She leaned on the high window sill with her arms crossed and her chin on them. The sky was still streaked with orange and crimson, the last rays of sun refracting through the dust in the air, she thought. All that beauty from just dust. It was getting dark earlier now, and she was glad. The brilliant high mountain sun made Callie uneasy sometimes, stirred something in her that wanted to roam, wanted, really, to get on a horse and ride up and down the streets of Santa Fe, plod along up a trail to the top of Cerro Gordo, the fat brown hill up the canyon. She wanted to ride south in the fading day toward the rodeo grounds where there was space so she could grab hold of the sturdy mane, kick the bare sides – bareback was freedom – lie low and let the horse lengthen into full gallop, to run and run and run – no worries about gopher holes or rocks or falling off, riding like a burr in the mane.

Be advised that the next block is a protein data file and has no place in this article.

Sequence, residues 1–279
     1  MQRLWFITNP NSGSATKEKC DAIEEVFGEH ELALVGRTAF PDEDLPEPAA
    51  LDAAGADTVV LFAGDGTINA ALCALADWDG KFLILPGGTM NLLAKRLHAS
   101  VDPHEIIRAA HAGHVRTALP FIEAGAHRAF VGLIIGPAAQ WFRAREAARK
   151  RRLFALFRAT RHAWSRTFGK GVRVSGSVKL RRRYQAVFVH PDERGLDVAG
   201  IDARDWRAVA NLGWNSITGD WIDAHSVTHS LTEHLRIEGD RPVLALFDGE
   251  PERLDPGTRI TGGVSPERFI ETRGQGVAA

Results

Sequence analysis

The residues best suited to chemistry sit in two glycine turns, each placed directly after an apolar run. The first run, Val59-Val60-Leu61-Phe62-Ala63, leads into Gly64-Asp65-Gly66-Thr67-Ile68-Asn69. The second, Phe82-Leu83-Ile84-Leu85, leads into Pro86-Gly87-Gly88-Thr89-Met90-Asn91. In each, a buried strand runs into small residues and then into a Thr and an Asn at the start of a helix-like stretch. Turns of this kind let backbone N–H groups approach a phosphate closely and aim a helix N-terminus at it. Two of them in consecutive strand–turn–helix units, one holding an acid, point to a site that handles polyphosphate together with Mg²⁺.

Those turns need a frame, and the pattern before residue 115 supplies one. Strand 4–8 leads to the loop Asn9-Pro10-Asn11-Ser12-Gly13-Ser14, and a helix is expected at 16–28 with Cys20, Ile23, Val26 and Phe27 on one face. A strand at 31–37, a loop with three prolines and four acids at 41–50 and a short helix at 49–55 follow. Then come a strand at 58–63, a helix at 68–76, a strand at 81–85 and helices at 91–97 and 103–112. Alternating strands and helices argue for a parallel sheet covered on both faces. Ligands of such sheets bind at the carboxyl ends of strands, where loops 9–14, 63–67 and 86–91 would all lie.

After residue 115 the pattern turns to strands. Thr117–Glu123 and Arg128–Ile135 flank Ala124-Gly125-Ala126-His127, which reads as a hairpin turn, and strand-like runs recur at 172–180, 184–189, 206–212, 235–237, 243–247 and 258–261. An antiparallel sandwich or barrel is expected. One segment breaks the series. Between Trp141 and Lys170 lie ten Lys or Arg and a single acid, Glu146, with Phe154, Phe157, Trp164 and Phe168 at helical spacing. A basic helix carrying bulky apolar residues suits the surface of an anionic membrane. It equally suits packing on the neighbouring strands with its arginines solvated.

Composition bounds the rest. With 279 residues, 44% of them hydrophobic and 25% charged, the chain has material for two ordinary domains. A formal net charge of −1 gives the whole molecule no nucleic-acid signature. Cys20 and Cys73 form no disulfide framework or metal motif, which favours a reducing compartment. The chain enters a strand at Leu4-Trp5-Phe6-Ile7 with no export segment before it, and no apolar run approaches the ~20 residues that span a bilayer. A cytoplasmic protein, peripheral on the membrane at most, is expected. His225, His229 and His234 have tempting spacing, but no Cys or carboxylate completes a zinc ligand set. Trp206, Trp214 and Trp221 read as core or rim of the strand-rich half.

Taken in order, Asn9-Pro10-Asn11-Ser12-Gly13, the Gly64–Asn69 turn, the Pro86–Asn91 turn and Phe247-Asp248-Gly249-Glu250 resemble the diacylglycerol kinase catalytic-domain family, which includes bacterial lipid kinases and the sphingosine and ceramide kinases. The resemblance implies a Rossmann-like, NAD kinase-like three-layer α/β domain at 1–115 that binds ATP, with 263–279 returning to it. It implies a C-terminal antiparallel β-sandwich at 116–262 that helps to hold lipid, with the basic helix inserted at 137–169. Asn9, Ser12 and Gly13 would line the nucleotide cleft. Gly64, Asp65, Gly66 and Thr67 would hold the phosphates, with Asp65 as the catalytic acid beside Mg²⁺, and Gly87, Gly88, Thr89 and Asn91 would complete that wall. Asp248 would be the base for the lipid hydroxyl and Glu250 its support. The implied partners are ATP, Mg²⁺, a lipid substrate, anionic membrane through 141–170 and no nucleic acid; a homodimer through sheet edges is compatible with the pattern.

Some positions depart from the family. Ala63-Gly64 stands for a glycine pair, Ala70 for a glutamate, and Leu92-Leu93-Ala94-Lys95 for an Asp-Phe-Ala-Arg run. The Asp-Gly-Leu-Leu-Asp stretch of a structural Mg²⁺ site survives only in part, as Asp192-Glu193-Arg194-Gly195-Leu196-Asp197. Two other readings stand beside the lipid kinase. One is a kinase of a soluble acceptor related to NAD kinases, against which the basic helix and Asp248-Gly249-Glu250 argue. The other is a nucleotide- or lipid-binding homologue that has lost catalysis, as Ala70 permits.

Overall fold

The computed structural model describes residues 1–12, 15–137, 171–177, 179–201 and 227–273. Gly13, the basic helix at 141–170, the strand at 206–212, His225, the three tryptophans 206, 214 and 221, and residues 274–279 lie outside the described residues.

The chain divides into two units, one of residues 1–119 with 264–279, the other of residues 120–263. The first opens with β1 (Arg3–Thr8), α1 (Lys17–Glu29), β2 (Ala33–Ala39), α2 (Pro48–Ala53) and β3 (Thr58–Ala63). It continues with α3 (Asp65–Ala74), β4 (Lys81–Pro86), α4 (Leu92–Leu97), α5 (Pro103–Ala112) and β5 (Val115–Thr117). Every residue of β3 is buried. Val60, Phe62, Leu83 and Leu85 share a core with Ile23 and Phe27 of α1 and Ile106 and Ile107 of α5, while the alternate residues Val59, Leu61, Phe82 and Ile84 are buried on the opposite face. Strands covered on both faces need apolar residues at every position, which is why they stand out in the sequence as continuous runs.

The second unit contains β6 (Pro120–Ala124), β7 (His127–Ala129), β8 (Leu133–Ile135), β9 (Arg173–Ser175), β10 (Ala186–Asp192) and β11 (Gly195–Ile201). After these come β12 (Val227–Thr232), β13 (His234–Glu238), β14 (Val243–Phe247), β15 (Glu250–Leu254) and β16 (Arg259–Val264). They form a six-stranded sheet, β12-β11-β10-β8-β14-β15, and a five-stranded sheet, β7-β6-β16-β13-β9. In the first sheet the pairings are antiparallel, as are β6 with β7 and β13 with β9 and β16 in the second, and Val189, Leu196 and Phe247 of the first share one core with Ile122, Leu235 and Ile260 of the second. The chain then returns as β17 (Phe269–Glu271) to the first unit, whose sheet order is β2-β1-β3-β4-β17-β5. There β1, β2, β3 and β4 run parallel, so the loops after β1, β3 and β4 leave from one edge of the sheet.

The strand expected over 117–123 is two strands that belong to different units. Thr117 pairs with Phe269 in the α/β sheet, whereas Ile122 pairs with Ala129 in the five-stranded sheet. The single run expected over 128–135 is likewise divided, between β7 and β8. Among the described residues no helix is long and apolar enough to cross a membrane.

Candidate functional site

But. She sighed. She didn’t have a horse. None. Only Rob had one, and he was getting werid, and his uncle, who lived near her and just got a new Arabian. She stood up. She could go back up there, just for a night visit, just to see if that wonderful horse really was living on the next road to hers. She could slip out the patio door, down the hill to the arroyo, up the other side across the road to the fence of the pasture where Victoria now reigned. A queen of horses. She spread her schoolbooks across her bed and turned the lamp on them. Standing at the door in her room that let to the back patio, she turned to look at the scene of homework being done. She came back and put a pencil and pen alongside the books. Then she slipped out into the darkness.